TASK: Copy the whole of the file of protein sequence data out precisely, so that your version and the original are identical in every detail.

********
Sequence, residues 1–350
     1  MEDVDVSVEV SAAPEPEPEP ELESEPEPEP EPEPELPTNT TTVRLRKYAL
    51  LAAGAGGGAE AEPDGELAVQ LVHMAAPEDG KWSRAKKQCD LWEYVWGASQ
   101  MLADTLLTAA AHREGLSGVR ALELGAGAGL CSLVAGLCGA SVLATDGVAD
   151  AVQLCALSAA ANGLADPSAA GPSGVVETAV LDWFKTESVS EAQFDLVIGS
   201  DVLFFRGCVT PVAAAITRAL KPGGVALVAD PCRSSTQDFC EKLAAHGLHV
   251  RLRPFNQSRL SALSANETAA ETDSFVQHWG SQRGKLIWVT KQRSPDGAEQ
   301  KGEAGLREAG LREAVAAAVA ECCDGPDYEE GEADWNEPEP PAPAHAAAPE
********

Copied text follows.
Sequence, residues 1–350
     1  MEDVDVSVEV SAAPEPEPEP ELESEPEPEP EPEPELPTNT TTVRLRKYAL
    51  LAAGAGGGAE AEPDGELAVQ LVHMAAPEDG KWSRAKKQCD LWEYVWGASQ
   101  MLADTLLTAA AHREGLSGVR ALELGAGAGL CSLVAGLCGA SVLATDGVAD
   151  AVQLCALSAA ANGLADPSAA GPSGVVETAV LDWFKTESVS EAQFDLVIGS
   201  DVLFFRGCVT PVAAAITRAL KPGGVALVAD PCRSSTQDFC EKLAAHGLHV
   251  RLRPFNQSRL SALSANETAA ETDSFVQHWG SQRGKLIWVT KQRSPDGAEQ
   301  KGEAGLREAG LREAVAAAVA ECCDGPDYEE GEADWNEPEP PAPAHAAAPE